Saturday, 29 June 2013
Gough is Dr Charles Decker, an English botanist who has been lost in the jungles of Darkest Africa for a year after a plane crash. Now he’s returned to Britain, bringing an extraordinary discovery with him. He has discovered the link between plants and animals and by means of this discovery he has developed a serum that can make animals grow to gigantic size. I know none of that makes any sense, which is one of the many things I love about this movie.
Decker also brought back with him a baby chimpanzee named Konga. By injecting Konga with the serum he causes him to grow in a matter of seconds into a full-grown gorilla (because everybody knows that when chimpanzees grow up they become gorillas). But Decker’s scientific genius has taken him even further - by means of hypnosis he can make Konga do anything he wants him to do. This includes getting rid of inconvenient academic superiors. Like all great geniuses Dr Decker is plagued by the stupidity of little men who cannot appreciate his brilliance. Dr Decker does not intend to let such men plague him even further.
Dr Decker has a greenhouse full of carnivorous plants. Carnivorous plants are a passion of his since they represent the link between plants and animals (more of the gloriously wacky pseudoscientific technobabble that makes this movie so wonderful).
Dr Decker has a faithful assistant named Margaret (Margo Johns). Margaret has obviously been in love with the brilliant but completely looney-tunes scientist for quite some time. Now she threatens to expose his current experiments to the press if he refuses to marry her.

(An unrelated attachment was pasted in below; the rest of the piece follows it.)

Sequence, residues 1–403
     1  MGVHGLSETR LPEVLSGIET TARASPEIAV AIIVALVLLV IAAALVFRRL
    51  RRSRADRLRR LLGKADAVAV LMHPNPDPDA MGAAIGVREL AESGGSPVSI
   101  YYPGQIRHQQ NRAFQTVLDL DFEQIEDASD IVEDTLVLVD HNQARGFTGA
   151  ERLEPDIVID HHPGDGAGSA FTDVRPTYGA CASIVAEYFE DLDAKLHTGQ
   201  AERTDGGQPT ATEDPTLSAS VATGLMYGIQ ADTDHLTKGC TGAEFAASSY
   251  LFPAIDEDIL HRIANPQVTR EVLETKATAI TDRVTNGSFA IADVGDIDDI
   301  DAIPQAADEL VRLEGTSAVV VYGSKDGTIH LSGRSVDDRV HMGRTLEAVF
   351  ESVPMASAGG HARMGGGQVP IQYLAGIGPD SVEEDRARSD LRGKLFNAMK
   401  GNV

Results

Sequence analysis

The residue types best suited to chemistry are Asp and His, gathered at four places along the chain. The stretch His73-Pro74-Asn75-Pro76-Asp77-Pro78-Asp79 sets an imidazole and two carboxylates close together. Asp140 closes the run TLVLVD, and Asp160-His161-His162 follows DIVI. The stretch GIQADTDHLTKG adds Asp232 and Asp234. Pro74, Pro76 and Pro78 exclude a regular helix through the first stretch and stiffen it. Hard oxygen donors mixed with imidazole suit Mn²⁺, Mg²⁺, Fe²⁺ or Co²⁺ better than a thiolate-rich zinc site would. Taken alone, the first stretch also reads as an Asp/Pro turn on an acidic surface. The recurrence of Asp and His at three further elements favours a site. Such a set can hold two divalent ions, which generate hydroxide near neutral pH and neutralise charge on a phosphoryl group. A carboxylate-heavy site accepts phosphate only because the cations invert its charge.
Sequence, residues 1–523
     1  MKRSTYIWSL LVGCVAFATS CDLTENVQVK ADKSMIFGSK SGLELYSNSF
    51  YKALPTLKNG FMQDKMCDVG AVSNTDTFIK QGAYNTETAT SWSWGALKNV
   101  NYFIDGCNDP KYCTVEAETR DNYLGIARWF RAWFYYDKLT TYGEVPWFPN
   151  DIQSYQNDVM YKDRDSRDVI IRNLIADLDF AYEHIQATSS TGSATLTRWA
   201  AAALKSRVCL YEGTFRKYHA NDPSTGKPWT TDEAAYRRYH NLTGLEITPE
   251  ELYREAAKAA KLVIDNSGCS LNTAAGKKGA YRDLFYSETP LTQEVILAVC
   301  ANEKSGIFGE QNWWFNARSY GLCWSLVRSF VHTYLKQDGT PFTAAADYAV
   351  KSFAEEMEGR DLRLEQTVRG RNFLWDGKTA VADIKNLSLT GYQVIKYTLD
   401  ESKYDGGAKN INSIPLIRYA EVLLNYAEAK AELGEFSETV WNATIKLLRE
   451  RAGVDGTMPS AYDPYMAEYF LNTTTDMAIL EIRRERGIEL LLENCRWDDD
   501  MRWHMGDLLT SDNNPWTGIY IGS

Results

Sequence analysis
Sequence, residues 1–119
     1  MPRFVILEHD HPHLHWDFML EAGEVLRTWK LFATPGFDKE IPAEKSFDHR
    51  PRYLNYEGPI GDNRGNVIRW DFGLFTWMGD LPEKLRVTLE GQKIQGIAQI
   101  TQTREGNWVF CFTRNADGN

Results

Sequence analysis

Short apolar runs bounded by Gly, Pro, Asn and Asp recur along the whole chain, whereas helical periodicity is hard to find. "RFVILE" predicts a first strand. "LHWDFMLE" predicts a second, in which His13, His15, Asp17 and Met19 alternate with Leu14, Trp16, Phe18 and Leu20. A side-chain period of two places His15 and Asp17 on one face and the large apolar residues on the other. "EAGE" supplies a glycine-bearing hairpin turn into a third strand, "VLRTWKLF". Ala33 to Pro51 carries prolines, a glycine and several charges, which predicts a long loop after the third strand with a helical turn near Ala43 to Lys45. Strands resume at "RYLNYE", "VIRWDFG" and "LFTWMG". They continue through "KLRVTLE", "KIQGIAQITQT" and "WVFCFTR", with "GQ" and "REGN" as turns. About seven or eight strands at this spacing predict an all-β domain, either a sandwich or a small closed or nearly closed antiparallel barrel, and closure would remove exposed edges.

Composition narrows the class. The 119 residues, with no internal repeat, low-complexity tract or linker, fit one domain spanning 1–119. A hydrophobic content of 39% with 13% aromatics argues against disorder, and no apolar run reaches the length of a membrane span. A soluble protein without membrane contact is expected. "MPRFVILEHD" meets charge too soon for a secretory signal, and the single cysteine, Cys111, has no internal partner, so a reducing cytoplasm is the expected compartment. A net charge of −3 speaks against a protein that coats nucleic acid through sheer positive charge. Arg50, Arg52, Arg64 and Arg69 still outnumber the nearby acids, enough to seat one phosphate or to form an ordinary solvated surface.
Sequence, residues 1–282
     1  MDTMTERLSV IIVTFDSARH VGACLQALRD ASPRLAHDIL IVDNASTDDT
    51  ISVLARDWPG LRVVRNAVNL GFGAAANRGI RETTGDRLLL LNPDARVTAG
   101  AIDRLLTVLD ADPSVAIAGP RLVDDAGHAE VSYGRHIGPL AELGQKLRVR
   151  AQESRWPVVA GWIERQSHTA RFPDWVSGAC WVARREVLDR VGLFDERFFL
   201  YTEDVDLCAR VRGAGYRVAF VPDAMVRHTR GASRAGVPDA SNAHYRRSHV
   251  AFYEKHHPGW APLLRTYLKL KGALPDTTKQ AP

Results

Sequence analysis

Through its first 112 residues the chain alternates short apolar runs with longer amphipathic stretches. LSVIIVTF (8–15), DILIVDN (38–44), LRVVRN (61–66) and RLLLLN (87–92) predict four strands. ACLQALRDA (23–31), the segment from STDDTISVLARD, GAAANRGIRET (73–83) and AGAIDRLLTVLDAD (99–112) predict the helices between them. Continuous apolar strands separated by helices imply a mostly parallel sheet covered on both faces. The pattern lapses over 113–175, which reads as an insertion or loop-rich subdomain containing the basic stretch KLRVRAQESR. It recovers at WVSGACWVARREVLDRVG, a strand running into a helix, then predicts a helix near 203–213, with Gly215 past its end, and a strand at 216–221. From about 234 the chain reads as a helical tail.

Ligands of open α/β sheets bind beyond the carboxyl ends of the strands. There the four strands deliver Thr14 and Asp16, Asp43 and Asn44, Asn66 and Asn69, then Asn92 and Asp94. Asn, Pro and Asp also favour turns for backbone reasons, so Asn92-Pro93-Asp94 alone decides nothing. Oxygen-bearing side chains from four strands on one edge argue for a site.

Unfortunately Dr Decker also has a scientific rival, an Indian botanist who is close to making the very breakthrough that Decker believes will make his reputation.
Although the title suggests that we’re going to see a King Kong rip-off this movie actually has little in common with King Kong as far as plot is concerned although the ending obviously borrows a good deal from RKO’s 1933 classic. Konga grows bigger every time he’s injected with the serum. Soon he will be big enough to stomp the whole city of London.
Michael Gough is in fine form as the unhinged botanist. Gough was always a good choice for mad scientist roles and here he gets plenty of opportunities for the sort of outrageous over-acting for which we love this great actor. The performances by the other cast members are solid enough but they’re irrelevant - Michael Gough and Konga carry this movie on their own and no-one else is even going to get noticed.
There are some obvious similarities to the animal mayhem in The Black Zoo. There’s an old saying among actors that you should never work with children or animals because they’ll always upstage you. Michael Gough doesn’t have to worry about that. Nobody or nothing could ever upstage him when he was in full flight.
Producer Herman Cohen co-wrote the delightfully goofy script with Aben Kandel. The result is delicious high camp. Director John Lemont had a very brief career but he handles things quite adequately.
The special effects are wonderfully silly. Considering the low budget they manage to be reasonably spectacular. The carnivorous plants are particularly bizzare.
Konga has been released on DVD by MGM in their Midnite Movies range, paired with a South Korean sci-fi monster flick called Yongary on one double-sided disc. The transfer of Konga looks terrific although sadly it isn’t 16x9 enhanced. Still it does at least give us the widescreen aspect ratio and the colours are rich and vibrant.
Konga is a must-see for every cult movie fan who adores both Michael Gough and guys-in-gorilla-suit movies, in other words for every cult movie fan. A deliriously silly fun romp. Highly recommended.